What Happens To Austin’s Recycling? (And Other Blue Bin Questions)

KUT 90.5, May 26, 2016

“Would you like to have a little Coke?” asks Kathy Bell Hargrave, cracking open a can of soda in her daughter’s kitchen.

Some things we do in life without giving a second thought, but when we stop to think about them we realize they raise a lot of questions.

“Every can that I open, every piece of paper, everything I want to recycle it,” says Bell Hargrave. “I put it all in a giant blue bin, but what happens to it? I don’t know.”

She is not alone in her quest for answers.

Judging from listener questions, many people think of recycling as somehow both mundane and mysterious. So, in this edition of ATXplained, we will reply to as many of your questions about recycling in Austin as we can.

And, we’ll do so by following that 12-ounce can of Coke.

First stop: the blue bin

Jacob Cervantes collects recycling for Austin Resource Recovery.
CREDIT JORGE SANHUEZA-LYON / KUT

Now, imagine you’re a humble 12-ounce aluminum can. You sit in the bin, surrounded by paper, plastic, probably spiders. You might be here for up to two weeks. That’s how often the city picks up residential recycling. Listener Ryan Hawkins wants to know why.

“Why do they pick up trash every week and recycling every two weeks? Shouldn’t it be the opposite? It seems like a disincentive, he writes.

The answer is basically, yes.

“The goal is to eventually go composting organic citywide, [and] weekly recycling pick up,” says Memi Cardenas, a spokesperson for Austin Resource Recovery.

But, it probably won’t happen soon. While Hawkins views the current system as “a disincentive” Cardenas says people will likely need to recycle more before the city will invest in once-a-week pick up.

“We just really need to see that citizen participation to get everything in the right bins, so that we can flip that structure,” she says.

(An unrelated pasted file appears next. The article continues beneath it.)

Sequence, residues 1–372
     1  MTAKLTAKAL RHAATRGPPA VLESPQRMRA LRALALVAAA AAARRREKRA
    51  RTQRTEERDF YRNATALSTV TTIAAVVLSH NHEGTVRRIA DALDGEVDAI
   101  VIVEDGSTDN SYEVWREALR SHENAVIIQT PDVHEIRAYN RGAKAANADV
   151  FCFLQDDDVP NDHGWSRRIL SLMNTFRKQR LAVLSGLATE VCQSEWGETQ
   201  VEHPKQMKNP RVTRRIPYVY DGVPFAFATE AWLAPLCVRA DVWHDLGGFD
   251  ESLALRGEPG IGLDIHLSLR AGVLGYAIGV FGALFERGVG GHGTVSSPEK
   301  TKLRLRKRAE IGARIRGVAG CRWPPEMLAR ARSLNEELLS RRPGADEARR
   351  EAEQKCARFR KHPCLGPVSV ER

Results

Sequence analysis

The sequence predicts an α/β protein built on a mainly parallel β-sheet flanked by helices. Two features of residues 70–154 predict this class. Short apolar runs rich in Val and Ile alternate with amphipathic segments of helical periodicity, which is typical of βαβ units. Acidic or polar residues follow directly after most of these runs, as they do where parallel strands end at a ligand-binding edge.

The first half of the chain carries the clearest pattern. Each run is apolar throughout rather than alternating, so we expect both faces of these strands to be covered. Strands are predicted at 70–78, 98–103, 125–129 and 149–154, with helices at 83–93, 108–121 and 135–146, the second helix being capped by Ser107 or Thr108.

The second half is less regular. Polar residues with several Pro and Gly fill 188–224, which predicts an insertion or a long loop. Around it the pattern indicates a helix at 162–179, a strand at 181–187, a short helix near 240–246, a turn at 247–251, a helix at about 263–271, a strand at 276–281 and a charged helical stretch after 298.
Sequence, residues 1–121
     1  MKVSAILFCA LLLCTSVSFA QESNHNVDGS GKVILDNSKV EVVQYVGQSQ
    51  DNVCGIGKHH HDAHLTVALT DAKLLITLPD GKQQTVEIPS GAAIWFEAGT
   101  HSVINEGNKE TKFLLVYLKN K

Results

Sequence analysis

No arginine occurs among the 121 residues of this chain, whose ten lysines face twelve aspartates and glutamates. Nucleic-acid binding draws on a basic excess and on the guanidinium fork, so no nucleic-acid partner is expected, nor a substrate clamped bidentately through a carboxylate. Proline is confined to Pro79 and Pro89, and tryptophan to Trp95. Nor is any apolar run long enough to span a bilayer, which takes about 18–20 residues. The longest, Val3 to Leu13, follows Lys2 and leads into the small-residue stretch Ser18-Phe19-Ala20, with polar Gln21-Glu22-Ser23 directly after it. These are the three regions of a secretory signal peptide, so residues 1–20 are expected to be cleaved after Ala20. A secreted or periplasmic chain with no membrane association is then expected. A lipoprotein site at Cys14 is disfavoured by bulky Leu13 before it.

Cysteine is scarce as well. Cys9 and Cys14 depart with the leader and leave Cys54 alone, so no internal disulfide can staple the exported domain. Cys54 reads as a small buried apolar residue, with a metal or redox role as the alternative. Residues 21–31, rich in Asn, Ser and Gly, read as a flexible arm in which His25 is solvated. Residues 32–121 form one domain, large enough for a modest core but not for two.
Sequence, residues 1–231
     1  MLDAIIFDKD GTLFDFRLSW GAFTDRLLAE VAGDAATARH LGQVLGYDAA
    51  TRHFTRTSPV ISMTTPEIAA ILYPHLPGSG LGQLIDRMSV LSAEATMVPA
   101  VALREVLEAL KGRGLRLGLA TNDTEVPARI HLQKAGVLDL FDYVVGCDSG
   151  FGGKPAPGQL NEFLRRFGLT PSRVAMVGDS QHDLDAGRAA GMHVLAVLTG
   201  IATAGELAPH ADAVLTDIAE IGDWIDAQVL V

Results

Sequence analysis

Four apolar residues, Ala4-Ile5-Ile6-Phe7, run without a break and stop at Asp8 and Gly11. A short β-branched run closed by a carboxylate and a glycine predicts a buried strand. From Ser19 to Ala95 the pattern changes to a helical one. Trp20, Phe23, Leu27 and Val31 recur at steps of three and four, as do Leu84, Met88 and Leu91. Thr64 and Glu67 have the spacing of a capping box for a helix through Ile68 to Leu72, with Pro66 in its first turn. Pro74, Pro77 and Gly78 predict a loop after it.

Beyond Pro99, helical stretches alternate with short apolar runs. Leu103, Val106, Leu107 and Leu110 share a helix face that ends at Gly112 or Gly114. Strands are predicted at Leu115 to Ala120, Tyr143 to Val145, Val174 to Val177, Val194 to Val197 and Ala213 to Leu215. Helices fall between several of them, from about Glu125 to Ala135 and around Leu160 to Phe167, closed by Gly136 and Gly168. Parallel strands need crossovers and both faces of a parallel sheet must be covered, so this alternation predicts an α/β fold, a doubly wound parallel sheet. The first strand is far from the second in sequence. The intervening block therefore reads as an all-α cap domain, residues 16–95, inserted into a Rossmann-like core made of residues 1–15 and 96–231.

Instead, she says the department will likely introduce curbside compost pick up before it switches to weekly recycling. That could take years to roll out across the city. Another reason to stick to bi-weekly recycling is the cost.

People debate whether recycling or landfilling is more expensive, but adding recycling pickups without cutting elsewhere would cost more.

Second stop: the truck

CREDIT JORGE SANHUEZA-LYON / KUT

When our can is picked up from the bin, it’s dumped in one of Austin’s recycling trucks and compacted with recycling from thousands of other people. Up front, truck operator Jacob Cervantes continues his route.

“If you ain’t listening to the radio you’re listening to people talk on the [CB] mic…” he laughs as he maneuvers his recycling truck through crowded residential streets. It’s the kind with the big claw on the side to pick up the bins. He likes the job but it can get repetitive.

CREDIT MOSE BUCHELE / KUT

“You get a little groundhog action going on. You know that movie Groundhog [Day]? Where he repeats the day over and over,” he laughs again, referring to the 1992 Bill Murray film.

Austin Resource Recovery drivers like Cervantes can make up to 1,000 stops in a day. So, he’s the perfect person to pick up our next question.

“What are the most common items inappropriately placed in recycling bins?” asks James Mclane.

“You want to keep out water hoses plastic bags. Sometimes you’ll get construction debris in there which is not recyclable,” says Cervantes without missing a beat.

The reason: hoses and thin plastic bags gum up the gears in the trucks and later in the process. So, when Austin banned plastic shopping bags that helped keep Cervantes on schedule, driving his haul all the way to one of two recycling facilities that have contracts with the city to receive the recycling.